The perfect close is a masterful presentation.
The statement above encapsulates what we believe about effective closing. Some people study endless closing techniques and strategies in the hopes that by honing their ‘closing skills’ they can be more effective salespeople. And maybe for your average car salesman, such training really works. But to be truly successful in our industry, you must be more than just a salesperson. You must be a trusted advisor. The relationship you forge with clients and prospects should be in the realm of what they share with their doctors, accountants, attorneys, and even friends. It is for this reason that we have spent a considerable amount of time working on our “presentation” to ensure it eliminates the need for any closing at all.
No one likes to be “closed.”
By the time you’re sitting down in front of a new prospect, there’s a good chance that other financial advisors (or insurance salesmen masquerading as financial advisors) have already tried to close them. For this reason, it’s likely that on the way to your office, Mr. and Mrs. Smith just had a conversation like this:
“So no matter what this advisor says today, we’re not going to invest any money with him right?”
“That’s right. And you let me do all the talking. I want to make sure he really knows what he’s doing. Don’t worry. We’re not going to make any decisions today!”
Believe it or not, you can diffuse this mentality very easily by using the proper approach. The key is to treat your firm like it is a private club that only issues memberships to select individuals. And, that, in fact, it’s not their decision to work with you no matter how badly they wish to – It’s your decision whether or not to work with them.
We hold the cards.
From the very outset of our first meeting with a potential client, we inform them of the following:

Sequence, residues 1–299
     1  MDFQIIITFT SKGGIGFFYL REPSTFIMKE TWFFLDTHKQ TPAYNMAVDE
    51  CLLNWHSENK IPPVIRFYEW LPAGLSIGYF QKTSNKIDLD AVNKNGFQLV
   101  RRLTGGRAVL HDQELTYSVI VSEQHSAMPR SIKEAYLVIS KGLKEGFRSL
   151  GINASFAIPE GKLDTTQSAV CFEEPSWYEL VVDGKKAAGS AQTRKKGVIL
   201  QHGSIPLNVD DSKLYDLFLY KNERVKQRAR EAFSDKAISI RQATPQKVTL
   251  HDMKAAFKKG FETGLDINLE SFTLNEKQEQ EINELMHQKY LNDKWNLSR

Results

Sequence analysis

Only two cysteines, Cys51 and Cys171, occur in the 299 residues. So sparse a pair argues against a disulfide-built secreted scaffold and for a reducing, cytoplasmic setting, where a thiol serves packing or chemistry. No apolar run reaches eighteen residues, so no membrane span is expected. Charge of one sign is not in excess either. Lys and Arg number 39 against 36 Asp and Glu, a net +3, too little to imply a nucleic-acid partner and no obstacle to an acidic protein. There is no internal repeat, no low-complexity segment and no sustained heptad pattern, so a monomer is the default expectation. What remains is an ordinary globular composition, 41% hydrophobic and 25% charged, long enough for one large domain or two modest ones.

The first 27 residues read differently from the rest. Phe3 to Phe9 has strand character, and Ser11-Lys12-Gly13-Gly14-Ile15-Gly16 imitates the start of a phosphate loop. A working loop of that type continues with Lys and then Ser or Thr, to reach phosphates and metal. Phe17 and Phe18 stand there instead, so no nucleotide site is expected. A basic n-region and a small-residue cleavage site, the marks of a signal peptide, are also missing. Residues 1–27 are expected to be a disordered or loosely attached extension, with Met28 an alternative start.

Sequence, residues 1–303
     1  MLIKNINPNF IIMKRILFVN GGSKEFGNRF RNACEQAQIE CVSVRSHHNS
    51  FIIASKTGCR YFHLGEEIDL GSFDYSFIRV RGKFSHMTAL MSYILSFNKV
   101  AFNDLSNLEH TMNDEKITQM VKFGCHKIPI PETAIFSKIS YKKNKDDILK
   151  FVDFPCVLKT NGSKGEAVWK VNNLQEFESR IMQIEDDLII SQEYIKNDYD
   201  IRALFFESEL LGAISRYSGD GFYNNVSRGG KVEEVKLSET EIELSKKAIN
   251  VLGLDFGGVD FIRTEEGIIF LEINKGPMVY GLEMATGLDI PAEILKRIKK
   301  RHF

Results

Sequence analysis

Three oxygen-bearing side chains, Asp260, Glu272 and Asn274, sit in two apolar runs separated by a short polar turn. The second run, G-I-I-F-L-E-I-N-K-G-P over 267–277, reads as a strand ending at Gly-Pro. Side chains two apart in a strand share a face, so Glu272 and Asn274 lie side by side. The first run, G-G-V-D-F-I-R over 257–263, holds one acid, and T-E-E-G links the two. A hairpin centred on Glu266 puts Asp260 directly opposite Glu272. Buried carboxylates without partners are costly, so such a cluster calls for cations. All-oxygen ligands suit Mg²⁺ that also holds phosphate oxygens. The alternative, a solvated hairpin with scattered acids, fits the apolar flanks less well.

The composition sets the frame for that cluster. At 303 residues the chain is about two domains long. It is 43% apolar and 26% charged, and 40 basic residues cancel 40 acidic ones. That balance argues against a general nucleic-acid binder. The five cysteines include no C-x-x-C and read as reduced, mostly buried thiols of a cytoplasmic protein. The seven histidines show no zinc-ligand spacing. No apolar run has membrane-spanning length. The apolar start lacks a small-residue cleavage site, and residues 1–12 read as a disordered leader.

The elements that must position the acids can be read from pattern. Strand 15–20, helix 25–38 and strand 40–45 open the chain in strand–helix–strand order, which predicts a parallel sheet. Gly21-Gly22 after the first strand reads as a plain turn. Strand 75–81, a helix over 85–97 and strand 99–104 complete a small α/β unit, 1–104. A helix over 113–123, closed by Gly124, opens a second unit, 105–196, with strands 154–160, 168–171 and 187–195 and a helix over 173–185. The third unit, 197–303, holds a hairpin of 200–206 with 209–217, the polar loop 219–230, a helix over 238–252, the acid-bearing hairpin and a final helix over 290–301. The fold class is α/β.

“No one will be making a decision today.”
That’s right; we say it first – before they get the chance to! We then go on to tell them something like this:
“Our primary goal during this meeting is to get to know each other. Here at Fross & Fross, we are very selective about the people we choose to work with. It has never been our goal to be all things to all people, but rather, to be all things to a few people. And so, for that reason, before we take on any new clients, we are careful to gather enough information to ensure they pass all four of our tests.”
Can you see what this short paragraph accomplishes? These expressions fundamentally reverse the selling process. By saying these things, you are telling a potential client that you’re not going to sell them anything, and that if they want to work with you, they are going to have to share their information and pass your test.
1) The Chemistry Test
“I’m proud to say that I like all of my clients. And I’m committed to making sure that this never changes. So during today’s meeting we are going to see whether we feel we have the chemistry to work together for the long run.”
The chemistry test is important for two main reasons: One, do you really want to work with clients who you don’t like? And two, you don’t want the type of client who will file a complaint with FINRA the moment their account value drops 3%. If you perceive future headaches, you’re better off walking away.
2) The Goal Test
“I’m going to ask you a lot of questions about your goals today. My objective is to see if they are achievable. If I don’t think they are achievable, I would rather not help you fail.”
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